Americans increased their spending on autos, furniture, clothing and building materials in March, which caused overall retail sales to rise for the first time in four months.
Retail sales jumped 0.9 percent last month, after declining 0.5 percent in February, the Commerce Department said Tuesday. The rebound suggests that shoppers are returning after an unseasonably cold winter froze sales. Warmer weather fueled a 2.7 percent increase in auto sales and a 2.1 percent boost in building materials, possible signs that the lagging manufacturing and construction sectors might also recover from a winter slump.
Excluding the volatile categories of autos, gas, building materials and restaurants, sales rose 0.3 percent.
Economists say that sales should continue to climb because of the year-long hiring surge and lower gasoline prices.
The unemployment rate has dropped to 5.5 percent, as the economy has added jobs at a monthly pace of roughly 250,000 during the past year. That amounts to about 3 million new paychecks to be spent at restaurants, clothiers and elsewhere.
At the same time, gas has tumbled to $2.39 a gallon, $1.30 cheaper than a year ago, according to AAA’s Daily Fuel Gauge. That should translate into consumers saving an average of $700 compared to 2014, according to government estimates.
The harsh winter curtailed some of the uplift from both of these factors. People curtailed their visits to malls, auto dealers and open houses, which accompanied a slump in the manufacturing and construction sectors.
But the March sales figures point to the underlying strength. Clothing purchases rose 1.2 percent and furniture buying increased 1.4 percent. Restaurant spending has edged up just 0.7 percent in March, but it has jumped 7.7 percent over the past 12 months. Spending declined at electronics stores and gas stations last month, potentially signaling that cheaper prices at the pump are not causing people to drive more miles.
Still, retail spending remains somewhat subdued. Many Americans have qualms about going on a shopping spree when the wounds from the housing bust and 2008 financial crisis – the most devastating economic downturn in 80 years – are still healing.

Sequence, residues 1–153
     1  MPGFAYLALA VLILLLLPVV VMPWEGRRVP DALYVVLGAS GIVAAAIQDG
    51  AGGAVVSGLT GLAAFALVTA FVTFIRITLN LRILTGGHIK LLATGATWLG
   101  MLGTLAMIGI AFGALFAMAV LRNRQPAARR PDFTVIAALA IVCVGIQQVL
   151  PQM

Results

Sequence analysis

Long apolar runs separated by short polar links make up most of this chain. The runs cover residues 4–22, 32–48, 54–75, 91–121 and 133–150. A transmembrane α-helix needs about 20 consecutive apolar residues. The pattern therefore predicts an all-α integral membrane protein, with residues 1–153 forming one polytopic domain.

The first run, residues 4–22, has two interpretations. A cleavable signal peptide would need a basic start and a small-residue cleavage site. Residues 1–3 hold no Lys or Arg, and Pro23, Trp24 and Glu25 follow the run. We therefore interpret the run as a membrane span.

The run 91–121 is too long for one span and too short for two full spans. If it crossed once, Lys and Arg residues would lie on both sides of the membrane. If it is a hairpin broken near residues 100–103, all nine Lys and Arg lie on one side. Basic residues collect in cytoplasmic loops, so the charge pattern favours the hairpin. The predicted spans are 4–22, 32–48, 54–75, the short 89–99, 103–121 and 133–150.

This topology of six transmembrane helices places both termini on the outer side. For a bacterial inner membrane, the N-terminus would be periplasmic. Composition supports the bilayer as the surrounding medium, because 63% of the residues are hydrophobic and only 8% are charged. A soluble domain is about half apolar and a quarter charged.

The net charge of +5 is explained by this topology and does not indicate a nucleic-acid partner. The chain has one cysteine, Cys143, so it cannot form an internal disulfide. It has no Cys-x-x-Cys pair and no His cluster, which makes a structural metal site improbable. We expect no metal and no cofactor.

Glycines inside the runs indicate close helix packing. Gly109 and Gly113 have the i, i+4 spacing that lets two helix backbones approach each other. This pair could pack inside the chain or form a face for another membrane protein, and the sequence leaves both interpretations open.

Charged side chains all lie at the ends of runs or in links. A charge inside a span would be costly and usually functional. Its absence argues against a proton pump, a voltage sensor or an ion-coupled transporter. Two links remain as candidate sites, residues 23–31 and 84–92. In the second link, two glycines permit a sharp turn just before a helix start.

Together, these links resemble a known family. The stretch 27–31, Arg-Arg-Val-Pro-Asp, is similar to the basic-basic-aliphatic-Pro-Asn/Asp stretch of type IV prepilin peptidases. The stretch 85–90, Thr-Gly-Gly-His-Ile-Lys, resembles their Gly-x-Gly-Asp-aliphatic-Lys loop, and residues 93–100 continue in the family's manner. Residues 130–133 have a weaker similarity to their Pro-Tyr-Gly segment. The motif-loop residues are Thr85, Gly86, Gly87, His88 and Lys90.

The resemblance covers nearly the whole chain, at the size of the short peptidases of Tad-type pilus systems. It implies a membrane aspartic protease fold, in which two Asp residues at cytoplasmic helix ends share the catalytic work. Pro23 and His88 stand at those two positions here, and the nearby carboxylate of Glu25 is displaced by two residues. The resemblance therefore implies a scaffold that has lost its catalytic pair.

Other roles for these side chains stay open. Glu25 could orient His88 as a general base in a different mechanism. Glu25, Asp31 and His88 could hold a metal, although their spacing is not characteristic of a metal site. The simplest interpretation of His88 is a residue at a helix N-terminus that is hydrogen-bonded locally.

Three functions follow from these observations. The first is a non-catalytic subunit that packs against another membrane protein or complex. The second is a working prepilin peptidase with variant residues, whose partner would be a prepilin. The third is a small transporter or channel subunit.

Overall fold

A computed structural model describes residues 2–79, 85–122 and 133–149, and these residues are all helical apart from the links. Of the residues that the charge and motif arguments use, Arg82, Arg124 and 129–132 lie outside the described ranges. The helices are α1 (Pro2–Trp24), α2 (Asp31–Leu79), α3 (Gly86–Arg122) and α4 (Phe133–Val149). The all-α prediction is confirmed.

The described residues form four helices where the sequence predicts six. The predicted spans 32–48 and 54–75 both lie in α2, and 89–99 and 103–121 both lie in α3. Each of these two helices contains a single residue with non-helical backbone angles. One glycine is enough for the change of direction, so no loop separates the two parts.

In some cases, skeptical consumers are simply awaiting proof that gas prices will stay low. Americans since January have begun to expect inflation to rise, suggesting that doubts remain about whether they will actually enjoy the projected savings, Deutsche Bank economist Joseph LaVorgna wrote recently.
Economists also say that the benefits from cheaper gas accrue slowly over time. As a result, changes in behavior are often seen only after three to six months.
The monthly retail-sales report is closely watched because it provides the first indication each month of Americans’ willingness to spend. Consumer spending drives 70 percent of the economy. Yet retail sales account for only about one-third of spending, with services, such as haircuts and internet connections, making up the other two-thirds.
Overall consumer spending ticked up just 0.1 percent in February, the Commerce Department recently reported.
But this is because many Americans are choosing to save their money. Income growth outpaced that modest increase in spending, rising a solid 0.4 percent in February. Because more Americans were stockpiling their incomes, the savings rate increased to 5.8 percent of after-tax income, the highest level since December 2012.
Other factors may have also influenced March sales. The date of a holiday that was 15 days earlier this year compared to 2014 might have pulled spending forward.